The Undefeated is probably best for ages 6 and up. I think it could initiate some wonderful conversations particularly for kids 8-10 years old.

The Oldest Student

I love reading picture book biographies of people I have never heard of. Especially if they are seemingly ordinary people who accomplished extraordinary things. My kids and I recently enjoyed learning about the amazing Mary Walker, who not only lived to an incredibly old age, but learned to read when she was 116. Incredible. Author Rita L. Hubbard and illustrator Oge Mora have honored her story in The Oldest Student: How Mary Walker Learned to Read.

Here are three things I like about this book:

  • Hubbard presents Mary Walker’s persistence in an honest but hopeful way. Readers learn of Mary’s hardships but also feel her joy when she finally achieves her great goal of learning to read.
  • Mora’s youthful and vibrant illustrations seem to mirror the energetic soul of a person who lives to 121 years of age.
  • Stories of persistence are great for kids, and I love how this book can relate to kids in a very tangible way, since many young children are learning to read themselves.

This book is great for all ages, but I think it will land especially well with six to ten year olds.

What Miss Mitchell Saw

I love the current trend of infusing lyrical storytelling into non-fiction picture books. In picture book biographies, it is also becoming more common to feature people that history has previously ignored.

What Miss Mitchell Saw, written by Hayley Barrett, illustrated by Diana Sudyka, demonstrates all that is lovely in this golden age of children’s non-fiction. The poetic text is as lovely on the ears as the gorgeous illustrations are on the eyes. The story in and of itself is wonderful, and I consider it a bonus that my children and I could learn about real-life astronomer Maria Mitchell while enjoying a compelling story about a woman who bucked the conventions of her time.

I recommend this beautiful picture book for all ages, though I would suggest the target age is 6-10 years old. What Miss Mitchell Saw would make a lovely accompaniment to a history study (particularly during Women’s History Month) or a unit on astronomy.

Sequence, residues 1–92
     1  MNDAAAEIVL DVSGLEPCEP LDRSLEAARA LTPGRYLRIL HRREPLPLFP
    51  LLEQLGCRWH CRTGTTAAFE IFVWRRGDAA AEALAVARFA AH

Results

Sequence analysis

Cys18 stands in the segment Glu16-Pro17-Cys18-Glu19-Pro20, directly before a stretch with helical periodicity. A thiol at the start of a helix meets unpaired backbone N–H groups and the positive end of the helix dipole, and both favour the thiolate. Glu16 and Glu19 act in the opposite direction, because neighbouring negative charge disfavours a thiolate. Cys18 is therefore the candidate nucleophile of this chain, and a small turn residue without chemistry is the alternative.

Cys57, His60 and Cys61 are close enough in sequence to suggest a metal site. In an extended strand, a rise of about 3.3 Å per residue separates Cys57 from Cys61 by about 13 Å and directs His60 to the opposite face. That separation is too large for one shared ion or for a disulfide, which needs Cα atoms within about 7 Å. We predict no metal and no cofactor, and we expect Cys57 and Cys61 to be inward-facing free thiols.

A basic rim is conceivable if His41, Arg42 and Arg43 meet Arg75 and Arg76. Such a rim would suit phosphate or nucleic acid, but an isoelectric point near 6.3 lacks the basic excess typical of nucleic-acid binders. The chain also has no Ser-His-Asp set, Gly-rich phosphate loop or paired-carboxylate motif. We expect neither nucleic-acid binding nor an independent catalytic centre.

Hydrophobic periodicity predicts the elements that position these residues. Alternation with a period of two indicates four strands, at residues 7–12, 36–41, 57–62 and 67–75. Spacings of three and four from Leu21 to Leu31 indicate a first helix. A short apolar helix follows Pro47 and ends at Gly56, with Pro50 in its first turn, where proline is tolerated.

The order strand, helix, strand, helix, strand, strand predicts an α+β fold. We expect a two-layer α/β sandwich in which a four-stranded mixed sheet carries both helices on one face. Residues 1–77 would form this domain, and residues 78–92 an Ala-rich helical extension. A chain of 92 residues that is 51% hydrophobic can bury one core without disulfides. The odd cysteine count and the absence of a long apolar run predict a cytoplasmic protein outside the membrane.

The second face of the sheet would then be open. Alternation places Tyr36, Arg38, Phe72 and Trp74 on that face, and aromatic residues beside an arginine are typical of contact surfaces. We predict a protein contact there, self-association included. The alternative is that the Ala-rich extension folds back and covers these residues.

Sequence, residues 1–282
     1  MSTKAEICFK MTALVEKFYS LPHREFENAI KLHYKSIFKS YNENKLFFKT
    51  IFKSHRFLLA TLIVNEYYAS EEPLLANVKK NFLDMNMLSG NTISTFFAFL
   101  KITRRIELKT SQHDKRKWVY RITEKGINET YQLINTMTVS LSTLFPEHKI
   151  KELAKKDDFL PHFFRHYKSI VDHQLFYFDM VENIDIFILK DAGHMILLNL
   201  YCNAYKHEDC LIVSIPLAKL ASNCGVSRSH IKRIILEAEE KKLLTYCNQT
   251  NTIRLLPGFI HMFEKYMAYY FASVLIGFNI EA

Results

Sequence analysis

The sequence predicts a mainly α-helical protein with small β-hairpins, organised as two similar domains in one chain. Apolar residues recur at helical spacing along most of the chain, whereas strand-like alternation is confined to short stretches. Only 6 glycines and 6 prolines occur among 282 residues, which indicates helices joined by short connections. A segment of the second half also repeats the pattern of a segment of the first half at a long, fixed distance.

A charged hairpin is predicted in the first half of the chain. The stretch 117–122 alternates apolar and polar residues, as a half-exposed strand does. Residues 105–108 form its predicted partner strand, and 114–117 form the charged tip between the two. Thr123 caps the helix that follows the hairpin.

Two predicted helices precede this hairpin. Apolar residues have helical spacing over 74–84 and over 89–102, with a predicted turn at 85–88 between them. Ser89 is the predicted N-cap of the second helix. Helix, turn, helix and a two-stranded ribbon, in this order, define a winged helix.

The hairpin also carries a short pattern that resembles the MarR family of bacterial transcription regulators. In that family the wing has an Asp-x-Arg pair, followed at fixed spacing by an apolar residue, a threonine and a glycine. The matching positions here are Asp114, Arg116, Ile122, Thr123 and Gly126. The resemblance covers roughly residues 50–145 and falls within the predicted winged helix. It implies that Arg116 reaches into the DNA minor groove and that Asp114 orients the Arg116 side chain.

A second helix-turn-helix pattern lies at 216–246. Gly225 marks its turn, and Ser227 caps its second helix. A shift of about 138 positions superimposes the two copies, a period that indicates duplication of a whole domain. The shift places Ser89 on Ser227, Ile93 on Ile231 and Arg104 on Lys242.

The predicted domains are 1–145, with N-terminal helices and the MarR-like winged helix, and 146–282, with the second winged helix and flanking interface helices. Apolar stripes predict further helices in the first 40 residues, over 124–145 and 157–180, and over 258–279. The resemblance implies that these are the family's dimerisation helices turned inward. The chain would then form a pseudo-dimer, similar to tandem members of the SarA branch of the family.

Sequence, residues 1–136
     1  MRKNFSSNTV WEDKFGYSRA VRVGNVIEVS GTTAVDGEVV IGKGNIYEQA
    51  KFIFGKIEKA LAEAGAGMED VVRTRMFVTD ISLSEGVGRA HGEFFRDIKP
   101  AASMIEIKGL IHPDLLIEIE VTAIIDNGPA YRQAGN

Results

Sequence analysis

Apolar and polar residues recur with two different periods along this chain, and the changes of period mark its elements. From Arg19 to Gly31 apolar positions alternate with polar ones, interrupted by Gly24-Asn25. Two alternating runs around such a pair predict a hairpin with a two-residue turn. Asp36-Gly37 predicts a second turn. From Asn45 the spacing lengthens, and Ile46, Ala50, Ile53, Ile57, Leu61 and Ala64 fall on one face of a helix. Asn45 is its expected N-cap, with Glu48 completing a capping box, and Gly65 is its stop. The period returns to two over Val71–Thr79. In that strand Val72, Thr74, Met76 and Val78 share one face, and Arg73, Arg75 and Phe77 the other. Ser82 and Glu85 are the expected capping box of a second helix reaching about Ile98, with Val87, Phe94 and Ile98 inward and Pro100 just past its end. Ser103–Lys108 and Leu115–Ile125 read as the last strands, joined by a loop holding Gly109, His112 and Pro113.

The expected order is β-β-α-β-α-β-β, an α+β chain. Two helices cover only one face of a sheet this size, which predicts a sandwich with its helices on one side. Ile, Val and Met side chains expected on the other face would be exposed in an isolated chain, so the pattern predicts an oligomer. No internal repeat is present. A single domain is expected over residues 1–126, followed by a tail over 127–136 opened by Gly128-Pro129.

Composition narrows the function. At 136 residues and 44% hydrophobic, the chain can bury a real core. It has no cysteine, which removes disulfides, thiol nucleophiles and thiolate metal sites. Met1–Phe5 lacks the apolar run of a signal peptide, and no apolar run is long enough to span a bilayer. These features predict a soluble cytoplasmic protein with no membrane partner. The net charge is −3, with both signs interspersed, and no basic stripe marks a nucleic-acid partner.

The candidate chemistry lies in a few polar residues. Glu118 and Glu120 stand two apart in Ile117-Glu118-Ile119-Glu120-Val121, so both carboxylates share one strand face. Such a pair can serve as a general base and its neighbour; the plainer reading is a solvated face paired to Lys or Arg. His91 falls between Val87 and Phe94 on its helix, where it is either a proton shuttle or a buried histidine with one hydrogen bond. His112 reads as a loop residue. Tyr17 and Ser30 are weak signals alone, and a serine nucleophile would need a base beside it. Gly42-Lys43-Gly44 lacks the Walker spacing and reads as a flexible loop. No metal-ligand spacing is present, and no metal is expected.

The Remarkable Journey of Coyote Sunrise

Confession: I read The Remarkable Journey of Coyote Sunrise by Dan Gemeinhart in May of 2019. I loved this book so much that I couldn’t think of how I could adequately do it justice in a blog post. To the point that I went through a freeze in writing any blog posts at all.

I still feel this way. So rather than share a synopsis, I want you to know this book has all the feels and moved me in a way no other novel has. Readers will find hope, despair, adventure, intense friendship, humor, community, and even a goat on a bus. Most of all, they will find love. Love for those we have lost and love for those we have now.

I cannot recommend this book highly enough. If it were up to me, I would cover it with every award sticker for which it is eligible. This middle grade novel is probably best for ages ten and up, and I do mean “and up” – this one is for readers of all ages.

The Bridge Home

Padma Venkatraman’s The Bridge Home is both beautiful and heartbreaking. This book confronts the difficult realities of poor, homeless children in India, much as Linda Sue Park’s A Long Walk to Water did for showing readers the lives of young people who don’t have access to clean water.

Main character Viji persuades her disabled sister Rukku to run away with her, in order to escape their abusive father. With nowhere to go and no one to run to, they are homeless children in a big city and face dangers at every turn. After befriending a loving, stray dog, the girls look for shelter. They have the good fortune of bumping into Arul and Muthu, two young boys in circumstances similar to theirs, but who have more knowledge about the workings of the big city.

The four children and the dog quickly unite to become their own family. They work together, often scouring for recyclables in the city’s massive trash heaps. Loyal to one another, they pool their resources together and share all their earnings, food, and supplies. I appreciated how Venkatraman highlights the children’s pride in earning their keep – they don’t want charitable handouts from anyone.